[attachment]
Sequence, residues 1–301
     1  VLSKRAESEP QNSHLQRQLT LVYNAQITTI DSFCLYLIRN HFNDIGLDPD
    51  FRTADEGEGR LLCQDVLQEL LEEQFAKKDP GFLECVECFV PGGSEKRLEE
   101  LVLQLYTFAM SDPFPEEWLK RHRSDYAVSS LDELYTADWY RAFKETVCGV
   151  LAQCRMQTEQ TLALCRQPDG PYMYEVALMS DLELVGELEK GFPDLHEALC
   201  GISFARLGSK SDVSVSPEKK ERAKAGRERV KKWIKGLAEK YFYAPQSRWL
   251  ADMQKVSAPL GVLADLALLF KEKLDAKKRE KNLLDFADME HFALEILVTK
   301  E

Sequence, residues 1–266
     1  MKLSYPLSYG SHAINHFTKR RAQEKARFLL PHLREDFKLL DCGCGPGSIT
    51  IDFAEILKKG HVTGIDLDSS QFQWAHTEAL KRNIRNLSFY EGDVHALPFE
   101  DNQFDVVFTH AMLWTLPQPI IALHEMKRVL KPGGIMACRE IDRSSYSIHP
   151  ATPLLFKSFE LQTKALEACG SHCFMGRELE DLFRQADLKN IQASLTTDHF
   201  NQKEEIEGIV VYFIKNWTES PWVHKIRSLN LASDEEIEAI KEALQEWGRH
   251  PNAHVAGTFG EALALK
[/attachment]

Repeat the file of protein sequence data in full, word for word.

Sequence, residues 1–301
     1  VLSKRAESEP QNSHLQRQLT LVYNAQITTI DSFCLYLIRN HFNDIGLDPD
    51  FRTADEGEGR LLCQDVLQEL LEEQFAKKDP GFLECVECFV PGGSEKRLEE
   101  LVLQLYTFAM SDPFPEEWLK RHRSDYAVSS LDELYTADWY RAFKETVCGV
   151  LAQCRMQTEQ TLALCRQPDG PYMYEVALMS DLELVGELEK GFPDLHEALC
   201  GISFARLGSK SDVSVSPEKK ERAKAGRERV KKWIKGLAEK YFYAPQSRWL
   251  ADMQKVSAPL GVLADLALLF KEKLDAKKRE KNLLDFADME HFALEILVTK
   301  E

Sequence, residues 1–266
     1  MKLSYPLSYG SHAINHFTKR RAQEKARFLL PHLREDFKLL DCGCGPGSIT
    51  IDFAEILKKG HVTGIDLDSS QFQWAHTEAL KRNIRNLSFY EGDVHALPFE
   101  DNQFDVVFTH AMLWTLPQPI IALHEMKRVL KPGGIMACRE IDRSSYSIHP
   151  ATPLLFKSFE LQTKALEACG SHCFMGRELE DLFRQADLKN IQASLTTDHF
   201  NQKEEIEGIV VYFIKNWTES PWVHKIRSLN LASDEEIEAI KEALQEWGRH
   251  PNAHVAGTFG EALALK